What to do about Iran
Instead of rushing to war, US should continue on its path of strategic patience
Op-Ed, The Boston Globe
January 20, 2012
Author: Nicholas Burns, Professor of the Practice of Diplomacy and International Politics, Harvard Kennedy School
Belfer Center Programs or Projects: The Future of Diplomacy Project
What to do about an increasingly truculent and threatening Iran is now the most important foreign policy challenge of 2012. Republican presidential candidates are all over the strategic map. Rick Santorum wants the United States and Israel to bomb. Mitt Romney and Newt Gingrich accuse President Obama of weakness, but it isnít clear that they would act much differently. Ron Paul opposes force against Iran because ďthey donít threaten our national security.íí
A more sophisticated plan would be to stick with the strategy that two unlikely partners - Presidents Barack Obama and George W. Bush - have tried since 2005: punish and isolate Iran with ever tougher sanctions while leaving the door open to negotiations and an eventual diplomatic solution. As an Iranian nuclear weapon is rightly unacceptable to the United States, both presidents left the threat of force on the table to concentrate the attention of mullahs in Tehran. This strategy is not by any means guaranteed to succeed. But it is beginning to gather greater support in key capitals and has quiet bipartisan support among many congressional leaders, keeping us, so far, out of another Mideast war.
Iran is the leading state sponsor of terrorism in the Middle East and a pernicious troublemaker in Iraq and Afghanistan. That it wants to go nuclear is not contested seriously in any major world capital. As the Bush administrationís undersecretary of state working to stop Iranís nuclear program, I didnít encounter a single international official, including from China and Russia, who disagreed that Iranís enrichment efforts and missile tests are designed for just one purpose - to achieve a nuclear weapons capacity. To complicate matters, Iran has recently threatened to shut down the strategic Strait of Hormuz to international shipping, raising the stakes in an already tense standoff between US and Iranian navies in the Persian Gulf.
Proponents of a US or Israeli military strike have not made a credible case that it would resolve the problem. Military strikes cannot destroy every Iranian lab and kill every scientist involved with the program. At best, a major assault would delay Iranís program but not end the threat. It could also lead to a wider war. Obama would have to weigh the benefit of an attack against the probability that Iran, a foe much stronger than Saddam Husseinís Iraq ever was, would hit back.
The more deliberate strategy pursued by Obama and Bush to convince Tehran to step away from the nuclear precipice is backed by our European allies, Russia, and China. These countries have made repeated offers to Iran to negotiate. Iran has refused to deal, believing, no doubt, that the US-led international coalition is weak and divided. That, in turn, has emboldened critics to charge sanctions canít work and that force is the only way to resolve the issue.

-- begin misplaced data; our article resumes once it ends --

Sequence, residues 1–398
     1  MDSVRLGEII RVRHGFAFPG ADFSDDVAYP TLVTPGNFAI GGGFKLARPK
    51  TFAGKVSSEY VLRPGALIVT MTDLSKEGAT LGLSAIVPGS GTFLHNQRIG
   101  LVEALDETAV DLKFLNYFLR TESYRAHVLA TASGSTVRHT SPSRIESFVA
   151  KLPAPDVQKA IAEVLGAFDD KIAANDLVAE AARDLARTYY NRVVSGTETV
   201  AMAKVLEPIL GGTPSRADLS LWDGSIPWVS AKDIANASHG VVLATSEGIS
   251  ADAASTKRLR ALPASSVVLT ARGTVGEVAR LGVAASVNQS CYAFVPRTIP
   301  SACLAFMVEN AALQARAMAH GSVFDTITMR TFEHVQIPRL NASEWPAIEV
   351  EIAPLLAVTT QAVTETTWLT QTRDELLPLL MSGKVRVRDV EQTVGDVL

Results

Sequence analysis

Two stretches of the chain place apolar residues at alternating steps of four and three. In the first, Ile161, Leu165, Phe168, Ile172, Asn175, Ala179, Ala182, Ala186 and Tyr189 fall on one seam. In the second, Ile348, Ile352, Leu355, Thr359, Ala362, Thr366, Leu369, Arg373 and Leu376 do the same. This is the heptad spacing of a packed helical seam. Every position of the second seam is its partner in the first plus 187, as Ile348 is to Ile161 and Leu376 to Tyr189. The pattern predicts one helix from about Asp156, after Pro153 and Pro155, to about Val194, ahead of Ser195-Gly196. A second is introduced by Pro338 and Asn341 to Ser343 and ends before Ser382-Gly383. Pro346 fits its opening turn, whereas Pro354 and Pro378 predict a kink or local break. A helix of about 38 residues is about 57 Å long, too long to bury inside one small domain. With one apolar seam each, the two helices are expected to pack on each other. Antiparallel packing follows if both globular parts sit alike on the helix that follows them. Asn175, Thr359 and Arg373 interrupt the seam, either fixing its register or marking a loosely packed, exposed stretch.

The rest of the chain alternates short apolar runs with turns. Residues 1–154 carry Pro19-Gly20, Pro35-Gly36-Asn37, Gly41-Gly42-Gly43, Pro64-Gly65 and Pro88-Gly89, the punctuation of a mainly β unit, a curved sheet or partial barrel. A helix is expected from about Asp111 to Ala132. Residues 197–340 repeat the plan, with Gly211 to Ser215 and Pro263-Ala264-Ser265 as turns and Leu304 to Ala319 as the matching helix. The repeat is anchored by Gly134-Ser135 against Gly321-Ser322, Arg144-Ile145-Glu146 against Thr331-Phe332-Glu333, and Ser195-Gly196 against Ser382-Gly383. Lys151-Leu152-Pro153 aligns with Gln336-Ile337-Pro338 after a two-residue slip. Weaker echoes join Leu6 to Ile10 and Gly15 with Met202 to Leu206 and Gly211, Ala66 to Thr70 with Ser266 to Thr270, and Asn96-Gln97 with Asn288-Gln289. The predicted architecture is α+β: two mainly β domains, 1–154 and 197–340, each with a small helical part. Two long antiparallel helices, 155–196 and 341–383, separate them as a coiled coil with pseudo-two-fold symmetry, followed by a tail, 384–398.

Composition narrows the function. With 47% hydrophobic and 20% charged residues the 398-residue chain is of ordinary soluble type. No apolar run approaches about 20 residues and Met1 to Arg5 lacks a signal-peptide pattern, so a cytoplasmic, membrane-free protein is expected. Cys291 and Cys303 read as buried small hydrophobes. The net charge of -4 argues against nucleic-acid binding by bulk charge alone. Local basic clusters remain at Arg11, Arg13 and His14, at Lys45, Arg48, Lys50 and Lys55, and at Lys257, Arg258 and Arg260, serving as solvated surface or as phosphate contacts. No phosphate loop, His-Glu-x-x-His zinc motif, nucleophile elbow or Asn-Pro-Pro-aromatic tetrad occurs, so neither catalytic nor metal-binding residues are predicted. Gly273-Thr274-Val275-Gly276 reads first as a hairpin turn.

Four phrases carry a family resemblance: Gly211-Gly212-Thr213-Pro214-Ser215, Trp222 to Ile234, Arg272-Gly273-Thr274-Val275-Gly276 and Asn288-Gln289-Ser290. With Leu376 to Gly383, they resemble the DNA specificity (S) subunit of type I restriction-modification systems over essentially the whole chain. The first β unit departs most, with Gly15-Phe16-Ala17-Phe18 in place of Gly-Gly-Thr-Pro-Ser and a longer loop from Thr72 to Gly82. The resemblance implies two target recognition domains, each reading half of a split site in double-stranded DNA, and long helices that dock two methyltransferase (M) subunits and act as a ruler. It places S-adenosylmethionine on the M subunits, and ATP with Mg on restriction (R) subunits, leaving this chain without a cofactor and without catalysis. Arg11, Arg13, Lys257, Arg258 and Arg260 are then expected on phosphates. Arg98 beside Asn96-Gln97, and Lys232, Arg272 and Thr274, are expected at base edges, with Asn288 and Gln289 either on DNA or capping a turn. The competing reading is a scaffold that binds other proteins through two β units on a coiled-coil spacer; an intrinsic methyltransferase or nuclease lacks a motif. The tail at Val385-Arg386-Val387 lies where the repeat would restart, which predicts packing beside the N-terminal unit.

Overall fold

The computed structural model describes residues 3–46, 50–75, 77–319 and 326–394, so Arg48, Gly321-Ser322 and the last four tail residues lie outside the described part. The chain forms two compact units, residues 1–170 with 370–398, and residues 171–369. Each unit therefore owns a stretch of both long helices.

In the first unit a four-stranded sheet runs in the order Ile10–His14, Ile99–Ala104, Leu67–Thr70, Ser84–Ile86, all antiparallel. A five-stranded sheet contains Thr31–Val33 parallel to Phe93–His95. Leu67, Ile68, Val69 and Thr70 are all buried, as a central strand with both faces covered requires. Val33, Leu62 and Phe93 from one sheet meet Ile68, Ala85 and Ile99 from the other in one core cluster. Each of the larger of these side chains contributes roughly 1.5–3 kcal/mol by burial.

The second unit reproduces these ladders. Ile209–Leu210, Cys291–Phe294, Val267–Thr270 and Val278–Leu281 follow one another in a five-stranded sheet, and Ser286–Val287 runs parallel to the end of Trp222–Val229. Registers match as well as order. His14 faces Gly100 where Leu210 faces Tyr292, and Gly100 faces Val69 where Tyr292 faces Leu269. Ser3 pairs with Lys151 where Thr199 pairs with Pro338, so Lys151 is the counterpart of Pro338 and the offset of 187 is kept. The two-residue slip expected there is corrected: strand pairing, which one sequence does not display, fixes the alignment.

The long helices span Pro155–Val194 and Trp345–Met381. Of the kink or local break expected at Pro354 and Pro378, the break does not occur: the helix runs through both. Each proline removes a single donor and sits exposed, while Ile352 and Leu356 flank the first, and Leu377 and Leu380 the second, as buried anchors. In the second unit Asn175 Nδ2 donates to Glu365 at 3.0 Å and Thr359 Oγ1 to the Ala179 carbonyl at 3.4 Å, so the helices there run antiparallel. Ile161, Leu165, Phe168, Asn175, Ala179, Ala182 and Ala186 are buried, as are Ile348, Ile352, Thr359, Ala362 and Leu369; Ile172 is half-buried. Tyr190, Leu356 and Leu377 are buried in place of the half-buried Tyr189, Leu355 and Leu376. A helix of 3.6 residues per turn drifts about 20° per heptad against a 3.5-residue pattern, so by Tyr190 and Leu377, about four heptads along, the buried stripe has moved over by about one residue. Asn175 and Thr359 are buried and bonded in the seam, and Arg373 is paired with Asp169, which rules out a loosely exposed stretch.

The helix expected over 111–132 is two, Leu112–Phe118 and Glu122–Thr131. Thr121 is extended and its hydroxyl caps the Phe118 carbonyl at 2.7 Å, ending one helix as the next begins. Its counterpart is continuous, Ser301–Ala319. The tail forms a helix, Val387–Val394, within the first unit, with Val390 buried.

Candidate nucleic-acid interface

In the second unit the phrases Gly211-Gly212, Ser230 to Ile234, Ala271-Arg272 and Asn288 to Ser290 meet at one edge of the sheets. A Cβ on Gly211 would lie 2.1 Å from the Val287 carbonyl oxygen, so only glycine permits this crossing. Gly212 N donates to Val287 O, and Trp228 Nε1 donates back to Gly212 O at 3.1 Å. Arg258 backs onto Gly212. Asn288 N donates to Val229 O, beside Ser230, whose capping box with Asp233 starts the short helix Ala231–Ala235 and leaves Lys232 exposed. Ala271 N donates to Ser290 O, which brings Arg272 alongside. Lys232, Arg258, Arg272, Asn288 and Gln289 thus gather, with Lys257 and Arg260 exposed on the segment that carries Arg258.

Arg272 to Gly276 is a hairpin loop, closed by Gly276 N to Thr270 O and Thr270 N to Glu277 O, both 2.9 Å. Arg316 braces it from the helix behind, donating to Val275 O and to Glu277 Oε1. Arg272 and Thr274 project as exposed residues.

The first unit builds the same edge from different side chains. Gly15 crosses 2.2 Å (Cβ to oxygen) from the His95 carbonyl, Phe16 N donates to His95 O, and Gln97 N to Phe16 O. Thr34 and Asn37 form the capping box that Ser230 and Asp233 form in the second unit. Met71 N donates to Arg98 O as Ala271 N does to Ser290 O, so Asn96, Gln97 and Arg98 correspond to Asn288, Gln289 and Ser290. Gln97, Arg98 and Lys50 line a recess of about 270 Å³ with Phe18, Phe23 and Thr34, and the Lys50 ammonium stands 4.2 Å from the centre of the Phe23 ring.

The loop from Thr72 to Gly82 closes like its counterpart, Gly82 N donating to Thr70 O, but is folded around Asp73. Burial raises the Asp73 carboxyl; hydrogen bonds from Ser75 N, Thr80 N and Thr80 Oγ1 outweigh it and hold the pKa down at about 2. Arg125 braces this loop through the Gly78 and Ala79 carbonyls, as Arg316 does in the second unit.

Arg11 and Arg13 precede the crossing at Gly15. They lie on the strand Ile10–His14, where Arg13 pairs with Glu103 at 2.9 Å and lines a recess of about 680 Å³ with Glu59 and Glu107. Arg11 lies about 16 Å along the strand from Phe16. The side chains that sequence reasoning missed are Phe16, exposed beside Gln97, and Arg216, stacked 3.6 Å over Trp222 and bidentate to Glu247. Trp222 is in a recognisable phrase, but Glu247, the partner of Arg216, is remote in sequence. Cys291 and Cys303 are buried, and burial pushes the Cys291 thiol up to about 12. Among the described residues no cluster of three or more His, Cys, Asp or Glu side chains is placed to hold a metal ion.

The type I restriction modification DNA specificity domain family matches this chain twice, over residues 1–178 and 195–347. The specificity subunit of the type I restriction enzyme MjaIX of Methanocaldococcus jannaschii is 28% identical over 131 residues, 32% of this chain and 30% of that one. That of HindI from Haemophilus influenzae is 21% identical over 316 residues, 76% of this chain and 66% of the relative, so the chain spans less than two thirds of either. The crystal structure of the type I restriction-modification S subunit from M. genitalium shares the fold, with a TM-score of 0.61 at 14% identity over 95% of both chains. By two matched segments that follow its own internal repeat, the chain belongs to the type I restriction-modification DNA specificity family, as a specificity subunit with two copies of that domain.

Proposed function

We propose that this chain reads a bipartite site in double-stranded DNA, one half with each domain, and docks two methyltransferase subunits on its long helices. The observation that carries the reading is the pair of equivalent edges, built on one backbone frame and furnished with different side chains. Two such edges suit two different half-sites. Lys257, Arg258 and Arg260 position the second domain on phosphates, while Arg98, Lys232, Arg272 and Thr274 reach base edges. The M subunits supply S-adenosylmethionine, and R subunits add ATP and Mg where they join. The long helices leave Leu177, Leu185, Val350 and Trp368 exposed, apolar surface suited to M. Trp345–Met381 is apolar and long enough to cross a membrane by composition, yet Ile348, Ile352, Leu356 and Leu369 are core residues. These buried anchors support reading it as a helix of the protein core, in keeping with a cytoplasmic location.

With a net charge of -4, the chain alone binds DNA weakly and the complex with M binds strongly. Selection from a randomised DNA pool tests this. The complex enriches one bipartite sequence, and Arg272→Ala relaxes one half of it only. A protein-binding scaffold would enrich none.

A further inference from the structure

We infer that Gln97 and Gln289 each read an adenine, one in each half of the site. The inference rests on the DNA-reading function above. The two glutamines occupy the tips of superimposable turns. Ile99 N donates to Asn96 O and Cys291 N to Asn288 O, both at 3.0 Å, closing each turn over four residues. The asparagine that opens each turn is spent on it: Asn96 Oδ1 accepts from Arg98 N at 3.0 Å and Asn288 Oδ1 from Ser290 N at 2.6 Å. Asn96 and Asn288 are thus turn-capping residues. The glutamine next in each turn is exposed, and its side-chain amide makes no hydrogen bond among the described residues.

But newly approved bipartisan sanctions may change that calculation. At the insistence of congressional leaders, Obama will now have the authority to target Iranís Central Bank and foreign firms that do business with it. Meanwhile, the European Union is on the verge of approving an equally powerful oil embargo. These will be, by far, the most lethal sanctions ever imposed on Iran. And just last week, the Obama team launched a major push to convince the three key Asian importers of Iranian energy - China, South Korea, and Japan - to join the sanctions effort. The president has also quietly continued Bushís program to accelerate US military support for Saudi Arabia, the United Arab Emirates, and other Arab countries to contain Iranís growing military power. This promises to make Iran an international pariah and is the most serious US counterstrike in our long-running chess match against Iranís myopic supreme leader, Ali Khamenei.
What does this mean for our national debate on Iran and the 2012 election? First, it would be a serious strategic mistake to strike Iran now and give up on the most promising sanctions campaign in years. That is why restraining Israel from attacking Iran on its own is so important this year. Second, we should not discount the possibility that diplomacy might be the ultimate answer to the Iran threat. We have not had a serious and sustained negotiation with the Iranian government in more than 30 years. To choose war when we have not yet given diplomacy a serious try would be foolhardy and unconscionable. Third, we are a lot stronger than Iran will ever be and can outlast them in a match of strength and will. Time and geopolitics lean heavily on our side in this long-term test - a 21st century version of President Kennedyís ďlong twilight struggle.íí
Of course, Obamaís rational and carefully nuanced approach to Iran may not quiet impatient critics in our overheated political arena who will castigate him for being soft and insufficiently martial. But for now, Obama has skillfully kept open the possibility of negotiations while leaving force as a last resort and at a time of our choosing, not Iranís. John Quincy Adams famously warned Americans ďnot to go abroad in search of monsters to destroy.íí We may yet have to consider force against a dangerous Iran but, for now, Obama and Bushís careful strategic patience is a far smarter path for our country.
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